Jeremy Howard: One of the really cool things in this new strategy is this Next Generation AI Graduates Program. It's small, but just to be one of those couple of hundred people, they're going to be a cohort. That's going to be a community of people who are learning and building and working together, but from all over the country and from lots of different industries. OK, 200 is not 160,000 but I mean, they'll see this. And I think once you - big communities form from small ones. We have an online community, through fast.ai, of about 40,000 AI practitioners now. And it started with one person - me, you know? And then one person joined and then two people joined and it grew from there. So, yeah, I think it's something that - we all need to do our best to connect people and then to create spaces to allow those people to connect to other people. And hopefully, we can build up a really strong community in this country.
Misha Schubert: Yeah, learning as a cohort often does do exactly that. It accelerates that sense of a community of practice and learning, doesn't it? And Audrey, it strikes me that some of those social media, professional networking tools are also really coming into their own now, in a way that connects people with expertise and interests that may not have found each other a couple of decades ago.
Audrey Lobo Pulo: Yeah, absolutely. And just to add to what you were saying, Misha, and Jeremy, too, about having those cohorts. I think one of the other pieces in this is a level of transparency about what's the path forward, right? So, a lot of the times you don't know how much effort or work it's gonna take to start doing those skills. And so, one of the projects we've been looking at in some of our research has been - what are the career pathways you could take to transitioning to AI? So, you might already have seven out of the ten skills you need. And it's just those extra three skills that you might need that give you the foot up in progressing to that next step. And just knowing that and just being aware that I'm more than halfway there already is that sense of encouragement that can really nudge people to make that transition.
Misha Schubert: It's a really good point. We are heading rapidly towards the end of our fabulous discussion. And time is against us, but just a couple or more quick questions from our audience. One question I would like to get your thoughts on - what are the top emerging jobs that are starting to feature automation or AI skills to a reasonable degree?
Audrey Lobo Pulo: From a LinkedIn perspective, you can find out top skills on our website. But I think what's more interesting is how those skills are gonna be used. So, are we using our skills for a green economy? Where are those skills being employed and which are the sectors that are really going to benefit from AI?
Jeremy Howard: One thing I think that feels really underappreciated in Australia - so, I just got back here after ten years in the US. I got back in February. In San Francisco, I mean this seems really obvious but, a really big job right now is an AI engineer, a deep learning engineer. And at Stanford, for instance, by far their biggest, I think it's the biggest course they offer in first year is their AI course. Everybody wants to take it and they have to stream it because there's not enough room. And then I see people coming out of those courses first year out. So, I used to try to employ those people at my medical AI company. Salaries started at 200K US. There's not enough of these people. Everybody wants them. And I'm just not seeing young Australians being told this. People are still being told like, oh, you're super smart, you did well at high school, you should go into law or medicine. Law and medicine are great careers, but why aren't we telling them there's this huge, pretty newish industry in AI, where you're gonna make way more money than medicine and law in your first year, and have huge impacts and then impact all these other fields, as well? I don't think that's something we're saying loud enough to young people in this country.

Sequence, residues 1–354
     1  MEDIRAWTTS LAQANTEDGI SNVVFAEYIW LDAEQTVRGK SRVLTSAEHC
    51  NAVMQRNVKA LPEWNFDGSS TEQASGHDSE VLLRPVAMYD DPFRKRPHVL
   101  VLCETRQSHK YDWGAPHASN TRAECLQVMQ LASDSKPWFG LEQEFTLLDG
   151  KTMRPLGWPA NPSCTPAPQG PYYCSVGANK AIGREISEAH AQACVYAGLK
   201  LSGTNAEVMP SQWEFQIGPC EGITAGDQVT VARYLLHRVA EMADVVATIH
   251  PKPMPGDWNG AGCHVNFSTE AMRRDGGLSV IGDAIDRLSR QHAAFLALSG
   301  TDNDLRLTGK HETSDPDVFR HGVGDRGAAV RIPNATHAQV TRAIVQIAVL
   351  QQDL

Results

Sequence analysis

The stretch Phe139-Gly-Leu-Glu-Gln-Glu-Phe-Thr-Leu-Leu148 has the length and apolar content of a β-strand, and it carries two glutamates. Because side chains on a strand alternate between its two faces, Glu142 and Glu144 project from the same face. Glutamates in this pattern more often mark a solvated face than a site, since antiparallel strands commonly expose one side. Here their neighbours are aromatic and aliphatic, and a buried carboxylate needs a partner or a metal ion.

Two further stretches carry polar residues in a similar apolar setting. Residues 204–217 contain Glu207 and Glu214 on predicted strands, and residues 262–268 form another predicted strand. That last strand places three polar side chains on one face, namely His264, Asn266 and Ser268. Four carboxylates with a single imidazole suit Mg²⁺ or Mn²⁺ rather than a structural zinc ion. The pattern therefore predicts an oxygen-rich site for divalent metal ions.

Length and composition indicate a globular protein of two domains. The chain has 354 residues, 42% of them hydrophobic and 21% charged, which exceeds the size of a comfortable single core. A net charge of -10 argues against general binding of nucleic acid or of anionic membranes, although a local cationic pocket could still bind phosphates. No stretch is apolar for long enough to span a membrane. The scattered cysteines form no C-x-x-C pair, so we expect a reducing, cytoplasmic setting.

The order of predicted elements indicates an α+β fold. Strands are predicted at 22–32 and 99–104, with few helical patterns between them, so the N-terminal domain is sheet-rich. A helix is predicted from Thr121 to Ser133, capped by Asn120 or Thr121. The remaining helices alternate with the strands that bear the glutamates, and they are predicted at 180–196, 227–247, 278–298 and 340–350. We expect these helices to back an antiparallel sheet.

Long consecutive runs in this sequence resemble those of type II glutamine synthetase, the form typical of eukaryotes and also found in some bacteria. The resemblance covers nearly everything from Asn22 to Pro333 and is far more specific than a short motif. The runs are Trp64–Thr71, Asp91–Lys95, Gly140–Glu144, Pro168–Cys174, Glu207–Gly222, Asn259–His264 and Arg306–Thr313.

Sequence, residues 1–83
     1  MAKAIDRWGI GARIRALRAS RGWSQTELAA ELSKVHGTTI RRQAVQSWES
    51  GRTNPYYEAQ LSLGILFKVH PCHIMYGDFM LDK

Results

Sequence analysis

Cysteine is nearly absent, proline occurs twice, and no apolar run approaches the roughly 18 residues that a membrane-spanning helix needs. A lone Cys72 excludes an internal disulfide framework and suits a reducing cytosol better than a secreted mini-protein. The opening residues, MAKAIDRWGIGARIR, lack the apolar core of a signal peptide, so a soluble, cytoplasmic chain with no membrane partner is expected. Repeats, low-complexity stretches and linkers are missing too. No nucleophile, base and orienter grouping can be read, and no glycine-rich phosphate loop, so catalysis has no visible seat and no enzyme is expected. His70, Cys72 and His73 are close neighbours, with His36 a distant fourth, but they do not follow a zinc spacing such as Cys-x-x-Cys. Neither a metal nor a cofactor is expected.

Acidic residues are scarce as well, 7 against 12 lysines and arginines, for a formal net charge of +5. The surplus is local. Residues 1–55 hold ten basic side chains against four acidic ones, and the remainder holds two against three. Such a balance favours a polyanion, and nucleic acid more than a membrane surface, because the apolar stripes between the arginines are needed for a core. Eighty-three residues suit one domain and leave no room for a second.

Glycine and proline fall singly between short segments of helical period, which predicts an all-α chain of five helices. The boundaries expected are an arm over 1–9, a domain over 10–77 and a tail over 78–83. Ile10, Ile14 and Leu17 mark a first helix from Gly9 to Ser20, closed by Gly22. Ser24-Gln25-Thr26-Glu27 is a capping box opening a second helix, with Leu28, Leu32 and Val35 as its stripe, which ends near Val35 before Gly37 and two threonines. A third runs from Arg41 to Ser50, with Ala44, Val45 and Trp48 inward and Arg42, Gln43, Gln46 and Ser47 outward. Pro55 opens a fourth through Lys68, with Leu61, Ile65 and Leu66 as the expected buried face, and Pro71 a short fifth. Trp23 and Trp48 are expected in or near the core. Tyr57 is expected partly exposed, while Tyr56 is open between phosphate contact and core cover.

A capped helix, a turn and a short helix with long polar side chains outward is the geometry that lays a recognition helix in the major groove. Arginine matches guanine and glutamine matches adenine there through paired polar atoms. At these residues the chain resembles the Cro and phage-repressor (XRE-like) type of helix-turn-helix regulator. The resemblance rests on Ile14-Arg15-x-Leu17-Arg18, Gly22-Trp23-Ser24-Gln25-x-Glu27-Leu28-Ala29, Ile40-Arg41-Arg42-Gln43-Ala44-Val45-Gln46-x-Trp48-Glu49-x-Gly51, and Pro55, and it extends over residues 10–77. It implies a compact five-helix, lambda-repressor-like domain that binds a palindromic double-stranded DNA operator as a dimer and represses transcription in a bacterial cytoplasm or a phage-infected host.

Misha Schubert: I feel like Enrico might like a rejoinder to that.
Enrico Coiera: I don't disagree at all. To be honest, I'm sure if we trained everybody we could, just in machine learning, deep learning, we still wouldn't have enough. The challenge is that there are other roles, too. So, I would say to somebody who wanted to go and do medicine, look, you're going to do medicine, but you're going to become a computational doctor. I've got a wonderful professor here at Macquarie with me who is probably the world's first computational neurosurgeon. He doesn't just do surgery. He's busy building AI-based models. And so, the opportunities for these folks are just enormous. And I think, Jeremy, you said earlier on in the discussion that it still is early days and there are a lot of pioneering roles out there. It's different to what it was 30 years ago when AI was just a niche thing and you weren't so much a pioneer as a weirdo. And that was the generation that I came from. Now, it's cool and exciting. But what I'm seeing through the courses that Jeremy and others have put forward or the way in which state universities say this is now becoming much more regularised, it should be easy now for folks who are excited, who are starting out, to go in that area. But also, it should be easy for a medical student or a nursing student to get those skills also, to become the pioneers they need to be.